DIY Tech: Electrical Basics
This content was originally published in issue #27 of Transmoto Dirt Bike Magazine in January, 2013.
Quick changes in temperature, frequent encounters with water, harsh grit and continuous vibration – these are some of an electrical engineer’s most hated things. Yet, as dirt bikers, we manage to throw all these and more at our bike’s wiring almost every time we ride, so our bike’s electrics can be prone to failure. Fortunately, a dirt bike’s electrical system isn’t that complex – especially if you’re not running ADR gear – so it pays to have an understanding of the electrical components. With a few basic tools you can diagnose most issues. And with a bit of practice, you’ll be able to carry out simple trail-side fixes with ease. These pages intend to arm you with the knowledge and confidence to get your mitts on the spaghetti beneath your seat and headlight and get those paralyzing or niggling electrical issues sorted.
Tools You’ll Need
● Test Light
● Contact Cleaner
● Basic spanners and screwdrivers
The Tool Setup
Most electrical diagnosis requires a test light or multimeter. So as not to misdiagnose any issues due to faulty or incorrectly set-up tools, ensure your tools are working properly before you start work. For the test light, simply connect the flying lead to earth and touch the tip on the positive battery terminal and ensure the light illuminates. On the multimeter, you generally set the dial to the DC 20 volt setting (as your bike runs a 12 volt electrical system or 6 volt on older bikes) and, if there’s more than one port on the multimeter for the positive lead, ensure it’s plugged into the port marked with a ‘V’. Then carry out the same test as for the test light and ensure you get a reading from the battery.
Checking for Ignition
If your bike isn’t starting properly and you know the engine’s getting good, fresh fuel, then check if your ignition system is working properly by removing the spark plug and checking for life. Give the tip of the plug a quick clean with a wire brush then, with the plug pushed into the plug cap, hold the insulated cap and place the thread of the spark plug firmly against an exposed bolt head that’s grounded to earth. Grip the plug from the cap on the electrical lead, and hold it with a thick rag or some pliers with plastic-coated handles, as there is a high risk of getting an electrical shock. The spark won’t kill you, but perms are sooo Eighties… Then turn the engine over with the starter motor or kick-start. If you have a strong spark, you’ll know that your ignition system is working properly.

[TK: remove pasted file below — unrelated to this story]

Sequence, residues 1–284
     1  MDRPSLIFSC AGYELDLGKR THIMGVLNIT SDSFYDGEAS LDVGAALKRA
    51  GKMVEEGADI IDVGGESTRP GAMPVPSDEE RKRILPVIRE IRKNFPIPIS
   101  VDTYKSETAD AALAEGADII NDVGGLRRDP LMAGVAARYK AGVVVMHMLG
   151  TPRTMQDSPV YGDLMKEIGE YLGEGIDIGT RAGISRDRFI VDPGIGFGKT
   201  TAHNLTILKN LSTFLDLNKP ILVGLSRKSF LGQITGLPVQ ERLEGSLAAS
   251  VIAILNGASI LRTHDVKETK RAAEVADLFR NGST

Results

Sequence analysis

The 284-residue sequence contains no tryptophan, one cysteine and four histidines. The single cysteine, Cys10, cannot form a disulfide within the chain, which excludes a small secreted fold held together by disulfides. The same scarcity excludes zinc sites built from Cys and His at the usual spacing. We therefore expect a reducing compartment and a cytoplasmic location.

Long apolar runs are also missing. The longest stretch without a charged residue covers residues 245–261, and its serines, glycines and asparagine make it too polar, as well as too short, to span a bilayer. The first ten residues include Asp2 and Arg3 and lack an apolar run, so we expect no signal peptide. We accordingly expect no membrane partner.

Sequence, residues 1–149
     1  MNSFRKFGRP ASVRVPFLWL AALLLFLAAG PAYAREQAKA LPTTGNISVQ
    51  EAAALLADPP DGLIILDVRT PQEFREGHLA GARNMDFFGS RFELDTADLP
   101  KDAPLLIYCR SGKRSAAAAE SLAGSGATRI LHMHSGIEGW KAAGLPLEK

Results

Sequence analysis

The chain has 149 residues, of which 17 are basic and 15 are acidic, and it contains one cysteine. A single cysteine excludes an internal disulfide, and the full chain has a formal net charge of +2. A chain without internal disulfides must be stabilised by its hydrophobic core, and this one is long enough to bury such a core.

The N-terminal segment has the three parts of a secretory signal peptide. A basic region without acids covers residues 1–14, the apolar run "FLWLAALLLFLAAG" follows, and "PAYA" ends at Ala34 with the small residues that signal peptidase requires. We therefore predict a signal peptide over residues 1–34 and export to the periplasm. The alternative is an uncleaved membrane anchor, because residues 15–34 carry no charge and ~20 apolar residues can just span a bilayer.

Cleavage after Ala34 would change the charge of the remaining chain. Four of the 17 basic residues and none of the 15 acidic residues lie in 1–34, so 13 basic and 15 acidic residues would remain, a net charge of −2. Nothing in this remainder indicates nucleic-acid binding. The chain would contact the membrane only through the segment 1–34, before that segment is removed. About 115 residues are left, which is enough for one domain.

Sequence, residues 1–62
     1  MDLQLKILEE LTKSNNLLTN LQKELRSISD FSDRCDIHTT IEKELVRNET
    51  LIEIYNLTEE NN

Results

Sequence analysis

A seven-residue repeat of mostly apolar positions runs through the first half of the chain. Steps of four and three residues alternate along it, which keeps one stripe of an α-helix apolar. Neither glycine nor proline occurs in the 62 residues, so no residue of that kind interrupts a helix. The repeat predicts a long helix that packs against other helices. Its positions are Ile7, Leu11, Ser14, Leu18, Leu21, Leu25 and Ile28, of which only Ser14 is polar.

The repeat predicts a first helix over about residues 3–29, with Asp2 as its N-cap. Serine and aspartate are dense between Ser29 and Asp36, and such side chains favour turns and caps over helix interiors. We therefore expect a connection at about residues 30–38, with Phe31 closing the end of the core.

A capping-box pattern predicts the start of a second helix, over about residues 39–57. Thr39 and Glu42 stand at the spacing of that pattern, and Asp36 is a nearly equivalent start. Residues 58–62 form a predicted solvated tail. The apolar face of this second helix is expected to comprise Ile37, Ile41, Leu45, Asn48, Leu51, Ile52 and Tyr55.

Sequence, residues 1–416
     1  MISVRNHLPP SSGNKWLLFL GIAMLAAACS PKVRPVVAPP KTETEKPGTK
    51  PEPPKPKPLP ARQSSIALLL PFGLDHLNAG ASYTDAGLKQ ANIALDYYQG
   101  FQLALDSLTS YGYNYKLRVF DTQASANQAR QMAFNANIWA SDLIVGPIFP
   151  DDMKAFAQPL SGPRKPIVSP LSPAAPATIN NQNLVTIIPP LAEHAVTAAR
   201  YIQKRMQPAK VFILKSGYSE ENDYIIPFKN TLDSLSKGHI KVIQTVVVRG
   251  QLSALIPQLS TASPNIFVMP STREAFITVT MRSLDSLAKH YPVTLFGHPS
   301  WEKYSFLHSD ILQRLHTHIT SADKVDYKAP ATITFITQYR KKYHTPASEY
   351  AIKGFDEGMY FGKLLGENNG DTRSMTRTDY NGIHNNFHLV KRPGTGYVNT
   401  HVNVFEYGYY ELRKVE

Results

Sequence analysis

If your battery is struggling to turn the engine over, put it on charger or go for a ride to put some charge into it. Then, to determine the health of the battery, put the multimeter leads across the positive and negative battery terminals. With the ignition switched off, you should get a reading of around 13 volts, but over 12.4 volts at minimum. Then, with the ignition turned on, the volts should not drop below nine when you hit the starter button. If you return a lower reading on either count, have the battery professionally tested or replaced. Think about using a trickle-charger to prevent this problem from occurring in the future.
If you are unable to get any ignition or the ignition is intermittent at times, it’s likely that dirt and corrosion on the battery terminals are preventing a good connection, so check to ensure that they are clean. If not, remove the leads and give the battery terminals and leads a polish with fine sandpaper, then reassemble tightly. If you’ve got a problem in a specific electrical system, check any plugs in that area, and give them a good spray with contact cleaner to clear away any dirt or corrosion. If that doesn’t improve connectivity, try using a small file on the plugs to get to the good (bright) metal. Be careful not to take off too much of the soft metal.
If you’ve checked the plugs on an electrical system but still haven’t got power, it’s likely that a wire has broken or been rubbed through – a common problem on dirt bikes. If you’re testing a live (positive) wire, use the test light to narrow down the section of the electrical system that is faulty. Alternatively, your multimeter has a setting whereby it emits a noise if you have a closed circuit, which allows you to check for a faulty connection or broken wire along an entire system without having to constantly look at the readout.
The quickest way to check your fuses is with a test light. Clamp the test light lead onto an earth point and switch the bike’s ignition on. Then touch the light’s tip against the two exposed bits of metal on the top surface of the fuse that sit either side of the number. If you’ve got power on both sides of the fuse, you know it’s working properly. If there’s only power on one side, it’s time to replace that fuse and to restock the spare.